Washington Nationals Select RHP Jake Johansen With 68th Pick Of 2013 MLB Draft: Kris Kline And Roy Clark On Johansen

The Washington Nationals selected RHP Jake Johansen with the 68th overall pick of the 2013 MLB Draft. - Photo © Ed Chigliak/Federal Baseball

Washington Nationals' Assistant GM Roy Clark and Scouting Director Kris Kline spoke to reporters tonight after making RHP Jake Johansen out of Dallas Baptist University the 68th pick in the 2nd Round of the 2013 MLB First-Year Player Draft.

The Washington Nationals selected right-handed starter Jake Johansen out of Dallas Baptist University with the 68th overall pick of the second round of the 2013 MLB First-Year Player Draft. After making the final selection of the second round, the Nats' Assistant GM and Vice President of Player Personnel Roy Clark and Scouting Director Kris Kline revealed that they had actually invited the 6'6'' right-hander to the nation's capital this week for a private workout that convinced them the hard-throwing pitcher was the pick for them if he was available when the Nationals' first pick of this year's draft came around.

"There's a lot of things to like about this young man," Kline said, "This is what we seek when we go out to the ballpark every day." - Kris Kline on Nats' 2nd Round pick Jake Johansen

The Nationals would have selected 33rd overall, but they forfeited that pick when they signed 33-year-old right-hander Rafael Soriano to a free agent deal this winter. Since they were drafting a lot lower than they have in years past when the Nats were losing 100 games regularly, general manager Mike Rizzo said the team would have to count on its scouts finding the right talent.

"There [are] going to be impact big leaguers in this draft," Rizzo told reporters this week, "Our job is to find out which guys those are? Where are the hidden gems? And take them, and have our development staff develop them into big league players. Major leaguers, impact major leaguers, are found all over the draft and with our scouting staff we feel that we're going to overturn all the rocks and try to find the hidden gems that will gives us a real impactful draft this year."

Here's the info on Johansen from the Nationals' press release on the selection:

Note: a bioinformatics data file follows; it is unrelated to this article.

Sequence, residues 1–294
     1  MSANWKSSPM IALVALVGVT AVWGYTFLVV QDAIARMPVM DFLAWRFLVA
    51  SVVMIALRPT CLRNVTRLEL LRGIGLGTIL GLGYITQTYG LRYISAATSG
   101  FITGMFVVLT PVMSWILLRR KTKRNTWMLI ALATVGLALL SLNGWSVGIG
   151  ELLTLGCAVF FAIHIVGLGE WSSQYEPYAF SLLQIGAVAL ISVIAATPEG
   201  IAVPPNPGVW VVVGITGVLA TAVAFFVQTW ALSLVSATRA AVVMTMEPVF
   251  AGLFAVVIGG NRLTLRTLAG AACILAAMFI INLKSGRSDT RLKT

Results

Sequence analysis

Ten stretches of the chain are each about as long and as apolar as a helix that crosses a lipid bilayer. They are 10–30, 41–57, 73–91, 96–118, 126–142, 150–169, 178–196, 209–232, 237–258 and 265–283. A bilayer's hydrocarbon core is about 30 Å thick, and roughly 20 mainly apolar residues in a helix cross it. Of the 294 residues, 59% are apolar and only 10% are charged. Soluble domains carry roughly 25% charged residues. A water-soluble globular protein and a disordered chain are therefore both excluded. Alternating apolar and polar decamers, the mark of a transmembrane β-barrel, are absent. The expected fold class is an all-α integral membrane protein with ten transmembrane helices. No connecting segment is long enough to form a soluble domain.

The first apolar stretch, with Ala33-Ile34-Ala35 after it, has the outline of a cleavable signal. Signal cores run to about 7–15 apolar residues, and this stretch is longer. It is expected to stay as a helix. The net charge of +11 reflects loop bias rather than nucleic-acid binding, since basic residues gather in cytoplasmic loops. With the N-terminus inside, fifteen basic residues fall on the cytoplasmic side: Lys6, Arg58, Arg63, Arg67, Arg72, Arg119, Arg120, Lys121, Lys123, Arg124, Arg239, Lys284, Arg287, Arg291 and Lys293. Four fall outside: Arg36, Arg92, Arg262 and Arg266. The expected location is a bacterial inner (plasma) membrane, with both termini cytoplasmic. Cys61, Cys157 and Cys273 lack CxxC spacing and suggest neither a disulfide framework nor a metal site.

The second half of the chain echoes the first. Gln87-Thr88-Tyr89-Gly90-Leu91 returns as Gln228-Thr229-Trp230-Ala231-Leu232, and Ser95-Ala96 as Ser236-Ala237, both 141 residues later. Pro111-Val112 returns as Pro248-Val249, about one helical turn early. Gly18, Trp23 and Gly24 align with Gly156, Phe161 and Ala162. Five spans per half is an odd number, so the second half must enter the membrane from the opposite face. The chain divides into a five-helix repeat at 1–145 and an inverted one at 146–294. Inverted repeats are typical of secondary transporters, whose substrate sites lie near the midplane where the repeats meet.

The 6-foot-6, 235 lbs. Johansen cemented his status as one of college baseball’s top power arms after striking out 75 in 88.1 innings as a junior. Johansen went 7-6 with a 5.40 ERA in 15 starts and posted strong strikeout-to-walk (2.9/1) and walks per 9.0 inning (2.6) ratios. Twice during his junior campaign, Johansen posted double-digit strikeout totals (10 on both April 26 vs. University of Texas-San Antonio and February 22 vs. Mississippi Valley State).

In three seasons at Dallas Baptist, Johansen finished 13-7 with one save and a 6.03 ERA (99 ER/147.2 IP) in 46 games/23 starts.

Johansen is a graduate of Allen (TX) High School and participated in the Texas Scout Association All-Star Game in the Spring of 2011.

"He maintains his velocity, the sixth inning he's still 96-98. He's got a curve ball, slider and a changeup. The slider is an out-pitch now. It's a hard cutter that he'll thrown 88-90 and will blend into a slider." - Kris Kline on Jake Johansen's arsenal

The Nationals' Assistant GM and Scouting Director spoke to reporters about Johansen on a conference call after tonight's selection. "There's a lot of things to like about this young man," Mr. Kline said, "This is what we seek when we go out to the ballpark every day." Asked to break Johansen down, the scouting director said, "He's a 6'6'', 235 lb right-handed pitcher. If you put him next to [2012 1st Round pick Lucas] Giolito, you have some pretty good-looking bookends."